This post is compliments of Amy aka “YETInvesting”.
If you’re a new rental property owner/manager, or if you’re just not comfortable handling tenant disputes or confrontations, then you might get panicky just thinking about having to confront tenants about issues that arise.
My boyfriend has this problem. Apart from his current rental which began just a year ago, he has no prior landlord experience, and watching him learn how to handle issues has reminded me of how terrified I was when I first started. When I had to handle my first tenant complaint over the phone, I remember my hands shaking because I was so nervous. I’m an introverted person, so I hate talking to strangers anyway. But this was going to be even worse: I wasn’t just introducing myself to someone I didn’t know, I was going to be fighting with them over money! Yikes! Maybe most people are braver than I am from the get-go, but I felt like I was going to throw up. Good way to start a phone call, right?
Things have improved a lot over the past dozen years or so. I’ve had enough practice handling real-world tenant disputes that I feel like I have my strategy down. A little bit of confidence goes a long way. Here are some strategies that might help new landlords (or even seasoned ones) handle tenant disputes.
Strategy #1: Good Cop / Bad Cop
A classic strategy. This works really well if you have a resident manager and an off-site owner/manager. Here’s the key, though: it only works if the resident manager is the good cop, and the off-site owner/manager is the bad cop.
Scenario: Mr. Bird (tenant) tells resident manager (good cop) that he’s going to be a few days late with the rent, because his hours got cut back at work last week. Resident manager tells Mr. Bird, with regret, that he’s going to have to charge him a late fee if he can’t get the payment in by the 3rd. Mr. Bird complains, saying “can’t you just cut me a break?” The resident manager says “I really can’t. I want to help you out, but I could get fired if I didn’t charge the late fee. Maybe you could borrow a few bucks from a friend so you don’t end up with a late payment, and then pay your friend back in a few days.”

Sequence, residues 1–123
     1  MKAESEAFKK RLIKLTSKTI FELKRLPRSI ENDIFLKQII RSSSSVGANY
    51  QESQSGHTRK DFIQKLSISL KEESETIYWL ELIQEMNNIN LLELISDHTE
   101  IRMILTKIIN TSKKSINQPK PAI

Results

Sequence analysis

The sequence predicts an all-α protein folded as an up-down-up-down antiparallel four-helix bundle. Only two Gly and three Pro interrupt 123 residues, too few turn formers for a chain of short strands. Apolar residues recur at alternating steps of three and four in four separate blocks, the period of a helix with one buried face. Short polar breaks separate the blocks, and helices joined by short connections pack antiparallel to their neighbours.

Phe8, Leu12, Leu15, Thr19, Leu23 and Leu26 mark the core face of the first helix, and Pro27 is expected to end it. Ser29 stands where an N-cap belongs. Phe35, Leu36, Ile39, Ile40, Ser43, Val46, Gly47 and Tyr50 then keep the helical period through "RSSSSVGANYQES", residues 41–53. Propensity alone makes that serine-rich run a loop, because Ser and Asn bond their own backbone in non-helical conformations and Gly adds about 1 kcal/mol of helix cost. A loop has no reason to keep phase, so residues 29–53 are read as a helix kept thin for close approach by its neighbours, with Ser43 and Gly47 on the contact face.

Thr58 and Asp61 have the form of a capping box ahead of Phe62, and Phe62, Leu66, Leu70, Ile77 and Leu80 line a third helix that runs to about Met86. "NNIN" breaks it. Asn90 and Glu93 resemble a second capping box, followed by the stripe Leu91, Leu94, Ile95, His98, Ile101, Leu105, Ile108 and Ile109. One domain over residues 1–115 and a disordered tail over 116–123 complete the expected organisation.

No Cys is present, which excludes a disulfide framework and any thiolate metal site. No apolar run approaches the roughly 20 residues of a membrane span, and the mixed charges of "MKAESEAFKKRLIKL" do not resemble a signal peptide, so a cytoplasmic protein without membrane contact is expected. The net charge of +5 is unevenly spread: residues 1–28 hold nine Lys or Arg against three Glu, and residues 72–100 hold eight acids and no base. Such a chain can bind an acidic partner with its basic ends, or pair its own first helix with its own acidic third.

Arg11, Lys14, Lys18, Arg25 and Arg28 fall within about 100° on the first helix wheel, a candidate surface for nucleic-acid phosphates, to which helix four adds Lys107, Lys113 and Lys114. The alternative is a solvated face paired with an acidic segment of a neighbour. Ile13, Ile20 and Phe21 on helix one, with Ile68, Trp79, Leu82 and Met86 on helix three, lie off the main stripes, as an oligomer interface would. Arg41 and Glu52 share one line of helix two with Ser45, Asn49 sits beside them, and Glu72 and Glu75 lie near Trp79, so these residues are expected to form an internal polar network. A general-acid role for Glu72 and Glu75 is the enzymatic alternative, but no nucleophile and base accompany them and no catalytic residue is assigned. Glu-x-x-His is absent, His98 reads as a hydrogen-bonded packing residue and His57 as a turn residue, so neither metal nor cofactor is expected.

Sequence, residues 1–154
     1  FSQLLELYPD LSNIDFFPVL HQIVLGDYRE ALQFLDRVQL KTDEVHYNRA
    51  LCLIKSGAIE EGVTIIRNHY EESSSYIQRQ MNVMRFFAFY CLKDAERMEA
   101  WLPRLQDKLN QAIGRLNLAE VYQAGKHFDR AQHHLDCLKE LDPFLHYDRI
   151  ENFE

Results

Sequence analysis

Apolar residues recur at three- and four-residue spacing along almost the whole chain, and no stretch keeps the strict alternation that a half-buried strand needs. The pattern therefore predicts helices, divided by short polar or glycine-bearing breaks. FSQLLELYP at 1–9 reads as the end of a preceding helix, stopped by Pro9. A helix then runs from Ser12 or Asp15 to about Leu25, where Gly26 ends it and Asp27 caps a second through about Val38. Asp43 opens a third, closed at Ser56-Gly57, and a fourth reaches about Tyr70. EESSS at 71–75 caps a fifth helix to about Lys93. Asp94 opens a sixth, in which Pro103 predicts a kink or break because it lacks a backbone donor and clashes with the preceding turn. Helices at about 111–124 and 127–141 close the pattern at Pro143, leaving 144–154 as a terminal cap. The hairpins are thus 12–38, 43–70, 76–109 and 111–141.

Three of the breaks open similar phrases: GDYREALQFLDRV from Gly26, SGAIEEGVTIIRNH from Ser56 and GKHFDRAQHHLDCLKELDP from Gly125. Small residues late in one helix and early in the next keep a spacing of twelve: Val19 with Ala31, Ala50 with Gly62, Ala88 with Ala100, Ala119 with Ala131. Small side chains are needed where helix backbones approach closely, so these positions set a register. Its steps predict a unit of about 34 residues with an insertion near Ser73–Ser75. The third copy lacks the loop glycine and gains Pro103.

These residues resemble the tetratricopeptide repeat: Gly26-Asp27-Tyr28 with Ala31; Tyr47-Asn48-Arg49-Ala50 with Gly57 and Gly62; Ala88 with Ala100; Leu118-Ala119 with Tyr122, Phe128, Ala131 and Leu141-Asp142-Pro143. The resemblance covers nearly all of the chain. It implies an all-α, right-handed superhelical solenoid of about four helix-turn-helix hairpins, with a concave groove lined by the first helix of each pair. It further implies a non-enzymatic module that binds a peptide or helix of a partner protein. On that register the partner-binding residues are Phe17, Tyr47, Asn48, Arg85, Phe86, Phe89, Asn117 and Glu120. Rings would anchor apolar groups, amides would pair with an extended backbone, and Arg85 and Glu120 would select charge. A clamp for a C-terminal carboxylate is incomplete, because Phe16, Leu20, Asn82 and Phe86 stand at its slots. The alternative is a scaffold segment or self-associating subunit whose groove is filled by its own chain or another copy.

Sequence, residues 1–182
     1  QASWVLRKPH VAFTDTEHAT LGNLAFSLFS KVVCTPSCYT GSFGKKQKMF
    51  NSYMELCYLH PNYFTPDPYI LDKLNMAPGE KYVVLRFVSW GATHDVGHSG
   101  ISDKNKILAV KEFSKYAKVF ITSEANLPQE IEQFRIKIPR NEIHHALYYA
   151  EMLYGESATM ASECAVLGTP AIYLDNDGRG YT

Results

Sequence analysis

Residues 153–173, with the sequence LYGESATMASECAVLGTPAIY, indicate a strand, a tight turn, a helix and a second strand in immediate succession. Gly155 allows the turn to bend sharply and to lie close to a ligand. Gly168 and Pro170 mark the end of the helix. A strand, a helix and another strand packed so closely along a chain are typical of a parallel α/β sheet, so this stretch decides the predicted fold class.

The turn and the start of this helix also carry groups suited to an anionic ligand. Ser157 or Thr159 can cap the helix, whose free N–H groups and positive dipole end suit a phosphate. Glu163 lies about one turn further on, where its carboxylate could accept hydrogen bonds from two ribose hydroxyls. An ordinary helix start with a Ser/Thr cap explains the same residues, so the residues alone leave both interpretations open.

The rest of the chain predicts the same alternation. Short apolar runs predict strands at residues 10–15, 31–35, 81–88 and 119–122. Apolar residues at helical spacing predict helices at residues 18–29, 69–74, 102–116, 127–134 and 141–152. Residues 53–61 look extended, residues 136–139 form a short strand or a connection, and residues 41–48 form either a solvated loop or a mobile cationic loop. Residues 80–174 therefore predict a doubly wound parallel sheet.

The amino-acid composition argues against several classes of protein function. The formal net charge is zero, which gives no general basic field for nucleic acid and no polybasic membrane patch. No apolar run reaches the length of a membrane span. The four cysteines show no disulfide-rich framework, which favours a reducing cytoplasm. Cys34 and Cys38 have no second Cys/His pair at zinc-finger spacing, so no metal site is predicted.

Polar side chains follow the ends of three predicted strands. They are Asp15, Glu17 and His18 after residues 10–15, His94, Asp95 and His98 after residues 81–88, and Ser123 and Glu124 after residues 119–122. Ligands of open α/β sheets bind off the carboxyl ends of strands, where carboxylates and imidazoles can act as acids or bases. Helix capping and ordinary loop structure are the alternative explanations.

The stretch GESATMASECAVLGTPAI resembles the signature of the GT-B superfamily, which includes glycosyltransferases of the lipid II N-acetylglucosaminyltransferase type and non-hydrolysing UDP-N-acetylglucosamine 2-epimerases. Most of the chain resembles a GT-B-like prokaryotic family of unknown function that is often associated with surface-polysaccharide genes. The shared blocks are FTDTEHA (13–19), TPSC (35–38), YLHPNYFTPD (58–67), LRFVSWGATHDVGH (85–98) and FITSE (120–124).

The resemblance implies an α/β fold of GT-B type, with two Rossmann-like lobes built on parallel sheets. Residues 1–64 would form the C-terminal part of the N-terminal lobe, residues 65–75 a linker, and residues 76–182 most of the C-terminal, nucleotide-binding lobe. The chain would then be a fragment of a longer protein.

Mr. Bird may not be able to pay the rent on time, and might be stuck with the late fee anyway, but even if that happens, the relationship between the tenant and the resident manager should survive. The tenant knows it’s not the resident manager’s fault, so no bridges are burned. (And hopefully this will prevent the tenant from keying the manager’s car in the parking lot.)
The reason this won’t work if the roles are reversed is obvious. Let’s say Mr. Rooster (tenant) tells the resident manager (bad cop in this scenario) that he’s going to be a few days late with the rent. The resident manager says, firmly, that he’s going to charge a late fee. Mr. Rooster says “can’t you help me out?” The resident manager says “nope. You don’t pay on time, you pay the fee.” Mr. Rooster then sees the owner (good cop) walking through the property. Mr. Rooster rushes up to the owner and gives his sob story about hours being cut back at work, and asks for an extension of time to pay. The owner says “okay, you can pay on the 6th this month. Just get back on track next month, okay?”
Now you’ve got a problem. Now the owner has undermined the authority of the resident manager. The next time the resident manager needs to enforce a house rule against Mr. Rooster, Mr. Rooster will feel like the resident manager has no authority over him, because Mr. Rooster is on good terms with the owner. Mr. Rooster knows that although the resident manager acts like a hard-ass, he’s really powerless, and the owner (who has the power) is a pushover.
You know what’s worse? Tenants talk to each other. Mr. Rooster is going to tell the other tenants how the resident manager was a jerk, so he just went over the manager’s head to the owner and got what he wanted. The resident manager is going to have an impossible time controlling the other tenants after that.
If you’re the owner and you’ve got an on-site manager, let the on-site person be the good cop. The on-site manager is much more likely to be there while the tenants are misbehaving, and he needs to have a rapport with the other tenants in order to persuade the tenants to behave. If the tenants like the resident manager, they are more likely to listen when the manager says “hey, I need you to keep the noise down or we’re both going to get in trouble.” Don’t be afraid to be the bad guy, especially if you don’t live at the property.
What if You Own and Manage the Property Yourself? This is addressed in Part II.
Have you ever tried the good cop/bad cop routine to resolve a dispute? Did it work? What other dispute resolution methods have you tried?